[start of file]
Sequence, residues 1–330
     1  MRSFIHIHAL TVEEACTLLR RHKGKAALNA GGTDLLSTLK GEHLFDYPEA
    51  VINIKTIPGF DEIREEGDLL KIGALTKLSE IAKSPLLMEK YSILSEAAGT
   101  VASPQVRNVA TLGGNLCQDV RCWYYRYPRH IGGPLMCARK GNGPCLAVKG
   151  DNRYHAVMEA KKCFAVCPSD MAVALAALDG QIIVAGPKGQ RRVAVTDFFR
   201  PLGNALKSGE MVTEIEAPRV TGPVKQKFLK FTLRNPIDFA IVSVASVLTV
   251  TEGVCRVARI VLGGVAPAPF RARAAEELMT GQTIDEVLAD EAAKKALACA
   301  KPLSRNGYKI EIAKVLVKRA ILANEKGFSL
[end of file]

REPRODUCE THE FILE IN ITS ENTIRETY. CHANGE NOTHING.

Sequence, residues 1–330
     1  MRSFIHIHAL TVEEACTLLR RHKGKAALNA GGTDLLSTLK GEHLFDYPEA
    51  VINIKTIPGF DEIREEGDLL KIGALTKLSE IAKSPLLMEK YSILSEAAGT
   101  VASPQVRNVA TLGGNLCQDV RCWYYRYPRH IGGPLMCARK GNGPCLAVKG
   151  DNRYHAVMEA KKCFAVCPSD MAVALAALDG QIIVAGPKGQ RRVAVTDFFR
   201  PLGNALKSGE MVTEIEAPRV TGPVKQKFLK FTLRNPIDFA IVSVASVLTV
   251  TEGVCRVARI VLGGVAPAPF RARAAEELMT GQTIDEVLAD EAAKKALACA
   301  KPLSRNGYKI EIAKVLVKRA ILANEKGFSL